In this insightful book, Jaron Lanier, Interdisciplinary Scientist at Microsoft Research and one of the pioneers of Virtual Reality, shares 10 compelling arguments on the need to delete our social media accounts. Before reading the book, I have already left most of the social media platforms and I am only present on Linkedin for now.

Jaron argues in ten ways that what has become suddenly normal—pervasive surveillance and constant, subtle manipulation—is unethical, cruel, dangerous, and inhumane. Dangerous?

Not only is your worldview distorted, but you have less awareness of other people’s worldviews. The version of the world you are seeing is invisible to the people who misunderstand you, and vice versa.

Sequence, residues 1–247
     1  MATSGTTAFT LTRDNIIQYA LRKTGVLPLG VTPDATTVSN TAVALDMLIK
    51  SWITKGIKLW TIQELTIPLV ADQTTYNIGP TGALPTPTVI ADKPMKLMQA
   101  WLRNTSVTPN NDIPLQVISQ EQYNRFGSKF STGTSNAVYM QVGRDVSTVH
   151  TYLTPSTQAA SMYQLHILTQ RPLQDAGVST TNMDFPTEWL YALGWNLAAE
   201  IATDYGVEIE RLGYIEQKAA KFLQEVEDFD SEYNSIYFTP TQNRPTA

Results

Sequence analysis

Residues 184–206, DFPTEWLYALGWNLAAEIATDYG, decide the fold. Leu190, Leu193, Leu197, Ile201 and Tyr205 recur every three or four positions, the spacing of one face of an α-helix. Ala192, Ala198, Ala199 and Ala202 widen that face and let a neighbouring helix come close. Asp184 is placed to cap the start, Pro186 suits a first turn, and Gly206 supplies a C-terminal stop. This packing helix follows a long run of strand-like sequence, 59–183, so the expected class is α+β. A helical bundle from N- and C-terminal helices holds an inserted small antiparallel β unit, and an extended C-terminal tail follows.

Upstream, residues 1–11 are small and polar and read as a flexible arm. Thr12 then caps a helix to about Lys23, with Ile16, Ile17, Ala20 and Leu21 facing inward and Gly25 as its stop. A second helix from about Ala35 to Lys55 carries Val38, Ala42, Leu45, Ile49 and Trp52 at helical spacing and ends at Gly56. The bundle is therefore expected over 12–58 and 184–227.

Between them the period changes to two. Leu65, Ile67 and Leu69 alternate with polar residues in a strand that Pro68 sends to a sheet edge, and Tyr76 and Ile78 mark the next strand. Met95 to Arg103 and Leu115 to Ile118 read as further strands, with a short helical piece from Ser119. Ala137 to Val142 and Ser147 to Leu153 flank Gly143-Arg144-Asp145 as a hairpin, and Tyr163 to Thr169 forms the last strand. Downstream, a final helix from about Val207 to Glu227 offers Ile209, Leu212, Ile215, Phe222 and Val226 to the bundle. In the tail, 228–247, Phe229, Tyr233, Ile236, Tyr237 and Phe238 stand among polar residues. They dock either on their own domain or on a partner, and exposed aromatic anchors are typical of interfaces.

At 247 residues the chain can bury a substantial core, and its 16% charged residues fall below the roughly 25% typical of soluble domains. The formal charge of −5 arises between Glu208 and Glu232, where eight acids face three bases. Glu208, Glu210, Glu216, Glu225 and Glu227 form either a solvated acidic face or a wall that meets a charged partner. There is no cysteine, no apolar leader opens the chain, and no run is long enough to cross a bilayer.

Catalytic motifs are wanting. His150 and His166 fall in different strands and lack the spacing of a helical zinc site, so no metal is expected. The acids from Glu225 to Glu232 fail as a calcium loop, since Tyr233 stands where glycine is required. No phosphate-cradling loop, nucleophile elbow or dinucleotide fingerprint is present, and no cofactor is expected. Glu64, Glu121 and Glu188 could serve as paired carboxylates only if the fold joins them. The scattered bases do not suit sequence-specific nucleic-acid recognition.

• Your understanding of others has been disrupted because you don’t know what they’ve experienced in their feeds, while the reverse is also true; the empathy others might offer you is challenged because you can’t know the context in which you’ll be understood.
  • You’re probably becoming more of an asshole, but you’re also probably sadder; another pair of BUMMER disruptions that are mirror images. Your ability to know the world, to know truth, has been degraded, while the world’s ability to know you has been corrupted. Politics has become unreal and terrifying, while economics has become unreal and unsustainable: two sides of the same coin.

Here are my favourite take aways from reading, Ten Arguments for Deleting Your Social Media Accounts Right Now:

Productivity is about making certain choices in certain ways.